“Placing these precious woodlands in conservation status underscores the college's commitment to sustainability by ensuring this critical habitat is preserved in perpetuity and that they will continue to sequester carbon for generations to come,” Brassord said. 

“The problems we’re facing are so massive that it’s really easy to throw up your hands and say ‘how does 100 acres on the Holyoke Range help?’ But you can’t. Or you shouldn’t. If everyone dug in locally, it might help a little,” said Tate. 

But, there’s room beyond this to scale up the impacts, Tate feels: “My hope in the future is that we will tackle bigger projects, which may require more cooperation with folks like the Trustees of Reservations, Mass Audubon and other land trusts. Some of the needs — the climate and environmental consequences — require bigger ambitions.”

“Kestrel remains willing to work with the College to permanently protect any additional land, and we are grateful for the College’s leadership to donate this Conservation Restriction to protect the Mount Holyoke Range,” DeBoer said. 

With such meaningful impacts on both the local biodiversity and global carbon cycle, many stakeholders feel that it can usher in a future of more engagement between the college and the community across the Pioneer Valley. 

“I think that it's great that Amherst [College] is helping to preserve part of the range,” said Jeanyna Garcia ’23, an environmental studies major and co-founder of the college’s Sunrise Movement hub, a chapter of the national intersectional environmental justice group that has created major waves organizing for climate policy. Garcia explained that she was disappointed that this was the site of engagement, rather than prioritizing the protection of a potential construction site in Northampton, that holds over 8,000 years of significance to local Natives, specifically to members of the Narragansett tribe who have been advocating against the construction of the proposed roundabout project. “Although this issue pertains more with the city of Northampton, as opposed to Hadley and Amherst, I still think that the college could be doing more to express solidarity with the tribe and their allies to sway the city council of Northampton to prevent building a roundabout over a very important site,” she said,

Tate explained how he saw this as an opening for further collaboration between the college and local stakeholders in the Pioneer Valley, as well. “My hope over time is that Amherst College as an entity would think of itself as having an even broader social responsibility to its home,” he said, explaining the room he saw for more local engagement with non profits so that students can better understand the town they live and work in, “because it will be a lot like the town you eventually live in. Your life will be lived locally, wherever you end up. And local engagement is vitally important for everyone.”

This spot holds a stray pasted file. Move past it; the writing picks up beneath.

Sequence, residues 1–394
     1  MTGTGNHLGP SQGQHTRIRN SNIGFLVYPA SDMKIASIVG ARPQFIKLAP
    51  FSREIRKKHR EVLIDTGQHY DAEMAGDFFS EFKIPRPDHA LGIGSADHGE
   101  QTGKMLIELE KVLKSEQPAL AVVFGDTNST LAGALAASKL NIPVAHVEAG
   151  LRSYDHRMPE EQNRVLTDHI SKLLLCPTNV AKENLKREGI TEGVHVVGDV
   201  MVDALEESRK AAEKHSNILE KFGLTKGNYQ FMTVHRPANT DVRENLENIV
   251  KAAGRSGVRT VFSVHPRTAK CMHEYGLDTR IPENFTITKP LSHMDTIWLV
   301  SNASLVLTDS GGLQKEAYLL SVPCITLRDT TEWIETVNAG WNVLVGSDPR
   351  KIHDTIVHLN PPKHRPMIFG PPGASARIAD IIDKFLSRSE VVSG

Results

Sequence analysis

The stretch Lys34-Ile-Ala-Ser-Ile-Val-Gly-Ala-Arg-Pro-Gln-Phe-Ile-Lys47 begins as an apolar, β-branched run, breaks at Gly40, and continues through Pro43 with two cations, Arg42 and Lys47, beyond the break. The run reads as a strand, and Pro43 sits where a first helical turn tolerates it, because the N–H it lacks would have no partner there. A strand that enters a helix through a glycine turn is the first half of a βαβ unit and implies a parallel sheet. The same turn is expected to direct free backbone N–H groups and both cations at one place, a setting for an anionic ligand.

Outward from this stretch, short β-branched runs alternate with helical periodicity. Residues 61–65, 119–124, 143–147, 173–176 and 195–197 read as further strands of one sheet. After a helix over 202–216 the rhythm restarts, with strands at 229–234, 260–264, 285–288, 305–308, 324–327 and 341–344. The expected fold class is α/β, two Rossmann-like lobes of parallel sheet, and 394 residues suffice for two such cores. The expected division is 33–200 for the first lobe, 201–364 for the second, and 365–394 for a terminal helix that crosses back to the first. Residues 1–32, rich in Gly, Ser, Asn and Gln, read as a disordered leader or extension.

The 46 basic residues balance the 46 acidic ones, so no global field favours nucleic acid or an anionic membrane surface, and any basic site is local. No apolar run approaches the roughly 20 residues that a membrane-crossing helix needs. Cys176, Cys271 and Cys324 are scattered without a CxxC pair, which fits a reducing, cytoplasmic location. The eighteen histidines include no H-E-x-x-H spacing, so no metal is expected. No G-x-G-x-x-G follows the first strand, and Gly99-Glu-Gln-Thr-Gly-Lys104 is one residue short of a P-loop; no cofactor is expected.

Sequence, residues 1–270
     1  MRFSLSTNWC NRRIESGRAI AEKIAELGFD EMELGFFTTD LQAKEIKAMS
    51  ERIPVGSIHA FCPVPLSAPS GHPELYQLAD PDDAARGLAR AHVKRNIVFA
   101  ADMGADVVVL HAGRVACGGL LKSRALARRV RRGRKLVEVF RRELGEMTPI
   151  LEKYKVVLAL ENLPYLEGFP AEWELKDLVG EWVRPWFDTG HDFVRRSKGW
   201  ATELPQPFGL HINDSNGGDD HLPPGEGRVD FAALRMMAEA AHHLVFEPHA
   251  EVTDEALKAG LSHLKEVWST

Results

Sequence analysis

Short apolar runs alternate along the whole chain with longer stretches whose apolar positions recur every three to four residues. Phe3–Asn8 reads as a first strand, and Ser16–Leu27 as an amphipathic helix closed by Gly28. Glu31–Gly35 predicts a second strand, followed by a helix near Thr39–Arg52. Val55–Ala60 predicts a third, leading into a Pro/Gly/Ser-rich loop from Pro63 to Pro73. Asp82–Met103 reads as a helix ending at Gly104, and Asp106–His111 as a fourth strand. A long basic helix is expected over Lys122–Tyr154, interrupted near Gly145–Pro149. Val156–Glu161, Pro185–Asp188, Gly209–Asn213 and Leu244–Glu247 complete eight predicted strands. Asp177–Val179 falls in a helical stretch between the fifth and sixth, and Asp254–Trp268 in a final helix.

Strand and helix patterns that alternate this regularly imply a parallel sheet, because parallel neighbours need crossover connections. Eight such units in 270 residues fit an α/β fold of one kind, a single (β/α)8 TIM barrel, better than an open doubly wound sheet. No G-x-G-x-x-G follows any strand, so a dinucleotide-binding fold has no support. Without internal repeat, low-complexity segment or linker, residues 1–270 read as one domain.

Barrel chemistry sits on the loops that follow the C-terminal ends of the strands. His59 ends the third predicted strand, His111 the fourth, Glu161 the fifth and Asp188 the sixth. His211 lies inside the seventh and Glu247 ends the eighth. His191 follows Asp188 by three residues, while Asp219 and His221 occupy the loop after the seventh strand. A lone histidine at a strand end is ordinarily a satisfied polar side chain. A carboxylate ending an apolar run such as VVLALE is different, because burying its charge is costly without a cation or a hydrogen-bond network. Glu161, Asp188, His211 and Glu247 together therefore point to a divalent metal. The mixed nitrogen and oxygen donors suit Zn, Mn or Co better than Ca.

He feels projects like this one are one step towards bridging that engagement nonprofits, whatever their focus may be, can offer college students the ability to become a meaningful part of the larger community. “It feels  it’s a worthy part of any human’s education to not only know Latin but to know how a foodbank works,” he said. 

Chief Communications Officer Sandy Genelius pointed out the college’s work providing funding for the Amherst Cinema, Musante Health Center fees, the Downtown Amherst Foundation COVID fund this spring, the town’s Business Improvement District fees, in addition to tech for schools, an annual contribution for emergency services, meals for the Survival Center and the availability for Amherst Regional High School students too take classes at the college. “This support reflects our ongoing commitment to the wellbeing of the town and our surrounding community,” she said. 

For Garcia,  this conservation project can be a starting point for understanding the intersecting nature of land protection and social responsibilities. “I think that many people, especially affluent, white people, still view climate change as this issue that centers conserving nature at all costs, but fail to realize that climate change also means advocating for the people — primarily, poor and/or BIPOC [Black, Indigenous and people of color] people — that directly experience oppression from the extractivist and industrial forces that drive climate change. However, I think that students at Amherst, and people worldwide have started seeing the connections between racial justice and climate change more clearly due to the pandemic and ongoing [Black Lives Matter] movements,” she said. 

“Once people start proactively incorporating social justice to the conversations of climate change, I think that we can start building true changes for the well-being of our planet and of our people.”

Olivia Gieger